This post is an explanation of my recent art work that I submitted as my final piece for uni. I’ll start from the beginning. I first discovered the wonderful uses of concrete in my first year at uni. I had just finished sixth form where I never really felt challenged to push the boundaries when it came to my artwork. Arriving at uni, I wanted to explore new material, this is when I happened to come across a ‘concrete art’ video on youtube and it all started from there. Each year, my work has revolved around the material concrete, and this year I wanted to explore what happens when two very different materials come together a little bit more than the previous years. As for the message behind my work, I was always interested in the topics Freedom & Censorship. With these opposing topics at the forefront of my practice, I began to explore how I could portray my thoughts to the viewer. In previous works, I explored both topics. I censored my own work in an act of protest, and I also created large works to evoke the freedom I have. Recently, I decide to make my work more personal as I believed this was something that was lacking in my practice. In May this year, I finished This is not a Joke, and it is definitely not Amusing.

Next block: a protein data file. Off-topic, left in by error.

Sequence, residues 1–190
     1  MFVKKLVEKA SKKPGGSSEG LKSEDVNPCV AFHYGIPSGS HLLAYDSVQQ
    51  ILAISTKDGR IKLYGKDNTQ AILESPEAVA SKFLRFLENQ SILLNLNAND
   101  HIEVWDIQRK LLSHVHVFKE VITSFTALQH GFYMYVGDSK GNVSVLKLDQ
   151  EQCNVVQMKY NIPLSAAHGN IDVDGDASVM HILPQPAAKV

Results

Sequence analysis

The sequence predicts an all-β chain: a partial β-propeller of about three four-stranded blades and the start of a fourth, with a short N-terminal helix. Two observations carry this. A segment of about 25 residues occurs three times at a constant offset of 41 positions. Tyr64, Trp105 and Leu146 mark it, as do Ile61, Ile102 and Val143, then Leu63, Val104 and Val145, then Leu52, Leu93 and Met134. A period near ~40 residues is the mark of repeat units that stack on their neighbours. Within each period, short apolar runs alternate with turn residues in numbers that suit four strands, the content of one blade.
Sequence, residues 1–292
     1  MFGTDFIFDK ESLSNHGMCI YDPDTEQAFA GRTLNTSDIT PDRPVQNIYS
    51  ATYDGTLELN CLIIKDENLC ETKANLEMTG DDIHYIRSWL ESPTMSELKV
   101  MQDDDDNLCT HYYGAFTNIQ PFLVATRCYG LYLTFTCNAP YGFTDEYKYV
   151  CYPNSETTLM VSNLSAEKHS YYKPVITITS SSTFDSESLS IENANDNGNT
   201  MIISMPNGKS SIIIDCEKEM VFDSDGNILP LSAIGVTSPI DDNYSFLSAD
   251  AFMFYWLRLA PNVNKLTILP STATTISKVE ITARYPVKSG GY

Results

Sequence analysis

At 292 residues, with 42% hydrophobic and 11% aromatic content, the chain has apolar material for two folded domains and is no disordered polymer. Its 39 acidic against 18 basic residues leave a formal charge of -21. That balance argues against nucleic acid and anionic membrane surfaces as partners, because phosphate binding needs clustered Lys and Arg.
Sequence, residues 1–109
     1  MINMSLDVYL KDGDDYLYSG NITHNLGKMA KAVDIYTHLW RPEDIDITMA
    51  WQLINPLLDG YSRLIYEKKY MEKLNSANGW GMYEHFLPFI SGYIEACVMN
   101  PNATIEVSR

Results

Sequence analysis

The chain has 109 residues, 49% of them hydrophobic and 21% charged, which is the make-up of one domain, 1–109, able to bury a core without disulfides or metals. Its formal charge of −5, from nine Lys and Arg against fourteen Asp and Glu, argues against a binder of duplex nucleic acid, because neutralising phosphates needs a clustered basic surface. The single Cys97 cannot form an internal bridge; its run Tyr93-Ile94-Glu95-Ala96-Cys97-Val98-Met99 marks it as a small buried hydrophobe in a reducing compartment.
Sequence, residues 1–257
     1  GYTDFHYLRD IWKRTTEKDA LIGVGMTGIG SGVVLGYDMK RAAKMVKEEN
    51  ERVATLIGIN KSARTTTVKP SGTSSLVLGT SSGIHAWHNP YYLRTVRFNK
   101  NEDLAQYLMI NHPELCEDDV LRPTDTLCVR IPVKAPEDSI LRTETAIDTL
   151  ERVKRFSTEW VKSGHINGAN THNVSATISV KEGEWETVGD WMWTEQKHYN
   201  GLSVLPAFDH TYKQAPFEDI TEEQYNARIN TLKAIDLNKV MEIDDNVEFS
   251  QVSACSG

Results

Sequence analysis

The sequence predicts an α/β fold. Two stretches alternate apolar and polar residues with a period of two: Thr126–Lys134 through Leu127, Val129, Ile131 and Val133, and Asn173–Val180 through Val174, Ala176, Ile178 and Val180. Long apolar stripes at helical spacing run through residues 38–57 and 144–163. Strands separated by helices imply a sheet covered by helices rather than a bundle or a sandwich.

Nowadays, when one thinks of the “Black woman”, words such as racism and oppression come to mind. In one sentence, my work is about empowering the black woman. Along with many other black female artists, authors, and public figures, Reni Eddo-Lodge was at the heart. Her book Why I’m no longer talking to white people about race was based on a blog post where she discussed why she would no longer talk to white people about race. I was intrigued by the concept of not talking to particular people and inserted it into my work. My work only addresses the black woman because I feel that while everyone is talking about the negativity around the black woman and setting the record straight to the oppressors (which is a good thing), we’re not actually talking to the black women who are at the center of it all. My work is full of positive statements to uplift and encourage the black woman to stand up and speak out. The concrete stand in my work represents her, and the bumpy/ rough texture is a physical portrayal of how the black woman has been attacked both physically and verbally. While this has happened, she still stands tall and strong with her roots deep. Nothing will move her. As for the hessian fabric, I found out that slaves were forced to wear hessian garments (a rough and irritable fabric). As I spent hours upon hours sewing into the hessian, I started to feel how irritable the fabric was. This made me feel only 0000000000000.1% of what slaves had to go through. What I found powerful is that I kept on going, and the act of forcing red wool into the rough hessian to me was my way of injecting the positives into the negatives. I put a new lease of life into an otherwise dead and bleak fabric.
If you are a black woman, continue to do you, and don’t let anyone tell you otherwise. If you are anyone other than a black woman, continue to uplift and empower the black women around you. They need it.